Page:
Attention Turns To Profits
Helped by solid economic news and the Federal Reserve's reiterated commitment to keep short-term interest rates low, the Dow Industrials and Dow Transports reached fresh all-time highs to reconfirm the bullish primary trend. Our buy lists have 93% to 96% in stocks.
With the Federal Reserve now committed to tapering its bond-buying program "in measured steps" in 2014 while keeping the federal funds rate near 0% "well past" the point at which the U.S. unemployment rate reaches 6.5%, investors' attention may shift away from Fed policy for awhile.
Recent news on the U.S. economy has been encouraging, with annualized growth in gross domestic product revised up to 4.1% for the September quarter. Slower growth is likely for the December quarter, but estimates for next year are rising. The Federal Reserve expects growth of 2.8% to 3.2% in 2014, up from about 2% for full-year 2013. The Fed expects the unemployment rate, 7% in November, to hit 6.5% in 2014.
However, among the 10 sectors of the S&P 500 Index, all except telecom and utilities have seen consensus profit-growth estimates for the December quarter revised lower since Oct. 1, according to Thomson Reuters. The ratio of negative to positive profit warnings is on track to be the worst since at least 1996.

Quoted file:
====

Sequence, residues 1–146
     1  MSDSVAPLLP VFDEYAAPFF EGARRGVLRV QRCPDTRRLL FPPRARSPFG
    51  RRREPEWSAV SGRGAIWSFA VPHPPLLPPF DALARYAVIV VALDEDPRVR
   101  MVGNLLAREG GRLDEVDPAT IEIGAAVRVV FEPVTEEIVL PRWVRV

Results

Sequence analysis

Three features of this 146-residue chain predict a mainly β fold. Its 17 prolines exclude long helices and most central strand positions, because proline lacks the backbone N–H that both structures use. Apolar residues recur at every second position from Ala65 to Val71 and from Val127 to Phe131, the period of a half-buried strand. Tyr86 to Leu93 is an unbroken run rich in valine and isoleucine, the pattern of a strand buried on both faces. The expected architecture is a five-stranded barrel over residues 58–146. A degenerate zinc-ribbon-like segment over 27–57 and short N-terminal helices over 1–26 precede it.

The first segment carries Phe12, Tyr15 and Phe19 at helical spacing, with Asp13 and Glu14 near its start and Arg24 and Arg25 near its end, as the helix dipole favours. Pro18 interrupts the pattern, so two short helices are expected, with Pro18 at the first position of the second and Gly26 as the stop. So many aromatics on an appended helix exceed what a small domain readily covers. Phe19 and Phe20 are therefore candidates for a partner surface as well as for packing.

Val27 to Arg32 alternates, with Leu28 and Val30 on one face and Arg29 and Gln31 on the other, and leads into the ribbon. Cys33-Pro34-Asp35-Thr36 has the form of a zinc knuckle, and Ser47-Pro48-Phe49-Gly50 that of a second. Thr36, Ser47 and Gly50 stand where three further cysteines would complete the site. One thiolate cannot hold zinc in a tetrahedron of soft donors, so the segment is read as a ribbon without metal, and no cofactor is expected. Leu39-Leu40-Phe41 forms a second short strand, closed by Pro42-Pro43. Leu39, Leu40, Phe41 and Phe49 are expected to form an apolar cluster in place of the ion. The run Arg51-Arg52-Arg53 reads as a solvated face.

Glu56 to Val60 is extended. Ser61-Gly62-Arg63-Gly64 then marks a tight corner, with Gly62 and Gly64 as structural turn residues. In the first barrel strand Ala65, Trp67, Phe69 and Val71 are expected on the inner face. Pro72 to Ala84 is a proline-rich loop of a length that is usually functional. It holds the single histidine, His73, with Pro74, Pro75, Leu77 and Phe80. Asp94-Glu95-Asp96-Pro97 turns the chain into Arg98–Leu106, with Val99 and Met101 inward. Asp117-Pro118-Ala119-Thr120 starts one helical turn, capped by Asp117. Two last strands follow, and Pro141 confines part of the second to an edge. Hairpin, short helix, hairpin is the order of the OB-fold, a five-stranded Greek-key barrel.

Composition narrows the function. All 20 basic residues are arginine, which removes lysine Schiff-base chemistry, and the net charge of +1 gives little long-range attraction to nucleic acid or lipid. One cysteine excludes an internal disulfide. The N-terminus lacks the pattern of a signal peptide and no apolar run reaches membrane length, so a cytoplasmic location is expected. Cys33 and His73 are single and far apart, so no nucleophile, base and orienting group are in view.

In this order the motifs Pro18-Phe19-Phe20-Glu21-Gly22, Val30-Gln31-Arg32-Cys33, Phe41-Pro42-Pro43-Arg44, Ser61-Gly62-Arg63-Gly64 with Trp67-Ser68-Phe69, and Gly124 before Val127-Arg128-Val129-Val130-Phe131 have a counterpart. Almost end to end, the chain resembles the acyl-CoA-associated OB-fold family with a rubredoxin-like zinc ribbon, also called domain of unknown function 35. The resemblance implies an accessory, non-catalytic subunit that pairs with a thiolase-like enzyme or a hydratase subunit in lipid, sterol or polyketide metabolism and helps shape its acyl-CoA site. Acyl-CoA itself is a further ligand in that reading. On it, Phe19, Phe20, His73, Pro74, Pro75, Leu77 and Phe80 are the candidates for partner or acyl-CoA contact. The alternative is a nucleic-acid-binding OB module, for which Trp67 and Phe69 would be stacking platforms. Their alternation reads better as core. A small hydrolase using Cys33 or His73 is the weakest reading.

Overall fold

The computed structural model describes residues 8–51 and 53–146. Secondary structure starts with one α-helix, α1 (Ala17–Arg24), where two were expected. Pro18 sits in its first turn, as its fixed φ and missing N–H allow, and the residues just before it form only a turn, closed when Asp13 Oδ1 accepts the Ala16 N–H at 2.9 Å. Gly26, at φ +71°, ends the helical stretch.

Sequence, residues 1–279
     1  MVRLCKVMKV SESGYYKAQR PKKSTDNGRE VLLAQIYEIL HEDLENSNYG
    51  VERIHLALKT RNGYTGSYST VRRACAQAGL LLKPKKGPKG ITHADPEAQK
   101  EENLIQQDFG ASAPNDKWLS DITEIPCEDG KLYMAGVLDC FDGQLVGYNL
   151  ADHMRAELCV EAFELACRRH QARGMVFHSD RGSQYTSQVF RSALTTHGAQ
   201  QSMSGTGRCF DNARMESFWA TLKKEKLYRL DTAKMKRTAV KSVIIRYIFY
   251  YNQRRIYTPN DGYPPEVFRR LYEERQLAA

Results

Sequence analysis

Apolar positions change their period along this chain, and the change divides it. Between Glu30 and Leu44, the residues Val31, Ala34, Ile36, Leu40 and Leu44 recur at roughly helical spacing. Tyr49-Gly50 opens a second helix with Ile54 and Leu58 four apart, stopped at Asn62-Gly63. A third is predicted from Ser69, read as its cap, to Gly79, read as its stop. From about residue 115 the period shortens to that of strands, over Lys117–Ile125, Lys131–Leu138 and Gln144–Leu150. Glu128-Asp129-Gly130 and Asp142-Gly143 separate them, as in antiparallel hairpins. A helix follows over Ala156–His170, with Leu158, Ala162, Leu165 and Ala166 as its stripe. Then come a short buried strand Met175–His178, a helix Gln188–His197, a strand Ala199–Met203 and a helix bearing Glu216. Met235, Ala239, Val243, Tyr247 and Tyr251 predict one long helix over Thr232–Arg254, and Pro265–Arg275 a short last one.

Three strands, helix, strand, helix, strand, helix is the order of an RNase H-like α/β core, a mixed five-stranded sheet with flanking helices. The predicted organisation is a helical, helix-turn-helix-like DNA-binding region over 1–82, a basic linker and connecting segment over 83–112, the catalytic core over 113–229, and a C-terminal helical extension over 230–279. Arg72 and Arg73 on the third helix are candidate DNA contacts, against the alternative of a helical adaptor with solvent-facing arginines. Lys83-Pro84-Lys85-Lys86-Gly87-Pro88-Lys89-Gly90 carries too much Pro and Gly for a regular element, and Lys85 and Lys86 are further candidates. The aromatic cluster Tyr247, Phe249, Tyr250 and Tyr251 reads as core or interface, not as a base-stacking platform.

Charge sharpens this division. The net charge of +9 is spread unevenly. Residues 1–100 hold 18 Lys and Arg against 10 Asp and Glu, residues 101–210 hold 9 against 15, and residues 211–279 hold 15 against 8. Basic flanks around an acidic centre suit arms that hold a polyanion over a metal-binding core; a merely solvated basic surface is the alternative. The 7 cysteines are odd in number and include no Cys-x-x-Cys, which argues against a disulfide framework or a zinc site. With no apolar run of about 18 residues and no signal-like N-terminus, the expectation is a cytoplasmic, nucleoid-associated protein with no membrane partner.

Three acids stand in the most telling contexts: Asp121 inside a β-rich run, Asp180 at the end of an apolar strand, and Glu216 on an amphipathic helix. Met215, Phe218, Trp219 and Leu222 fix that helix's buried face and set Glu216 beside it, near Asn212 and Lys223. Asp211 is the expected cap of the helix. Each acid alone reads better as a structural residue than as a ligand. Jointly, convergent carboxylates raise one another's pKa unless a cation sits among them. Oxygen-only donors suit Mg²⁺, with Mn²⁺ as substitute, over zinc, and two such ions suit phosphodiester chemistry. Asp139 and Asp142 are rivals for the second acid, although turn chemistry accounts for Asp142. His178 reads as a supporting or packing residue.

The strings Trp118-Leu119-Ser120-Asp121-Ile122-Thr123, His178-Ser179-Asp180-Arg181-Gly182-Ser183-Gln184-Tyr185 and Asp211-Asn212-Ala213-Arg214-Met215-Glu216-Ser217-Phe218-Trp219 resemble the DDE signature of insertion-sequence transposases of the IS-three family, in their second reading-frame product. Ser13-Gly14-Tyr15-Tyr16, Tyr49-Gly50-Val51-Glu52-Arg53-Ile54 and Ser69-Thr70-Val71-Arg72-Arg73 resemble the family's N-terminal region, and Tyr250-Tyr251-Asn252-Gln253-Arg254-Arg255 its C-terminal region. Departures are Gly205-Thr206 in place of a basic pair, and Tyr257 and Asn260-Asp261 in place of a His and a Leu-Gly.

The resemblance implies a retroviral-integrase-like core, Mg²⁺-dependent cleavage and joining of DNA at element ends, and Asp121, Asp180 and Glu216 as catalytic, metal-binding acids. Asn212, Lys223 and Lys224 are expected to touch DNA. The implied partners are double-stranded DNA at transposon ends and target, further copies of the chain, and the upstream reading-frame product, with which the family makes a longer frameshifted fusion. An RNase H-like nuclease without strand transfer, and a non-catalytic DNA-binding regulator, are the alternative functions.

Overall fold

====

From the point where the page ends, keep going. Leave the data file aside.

Consensus estimates now project 7.8% year-to-year growth in per-share earnings for the S&P 500 Index for the December quarter, down from the 10.9% expected when the quarter began. Encouragingly, the consensus of 11.1% growth for full-year 2014 is down only marginally since Oct. 1.
Growth of 11.1% seems unlikely, as expectations of more than 12% growth in the second half of 2014 are likely to be cut. Also, with the consensus projecting 4% full-year revenue growth, double-digit profit growth would require a significant uptick in today's record-high profit margins.
Still, the 5% to 6% profit growth delivered by the S&P 500 Index over the last four quarters has been more than enough to sustain the bull market, and the typical S&P 500 company is growing profits faster than the capitalization-weighted index. The median company in the S&P 500 delivered 8.5% year-to-year growth in per-share profits in the most recent quarter.
With the median S&P 500 stock trading at nearly 19.2 times trailing earnings — above the nearly 20-year norm of 17.9 times — investors may be harder to please this earnings season. A near-term pullback would not be surprising, but we are inclined to view such a correction as a buying opportunity.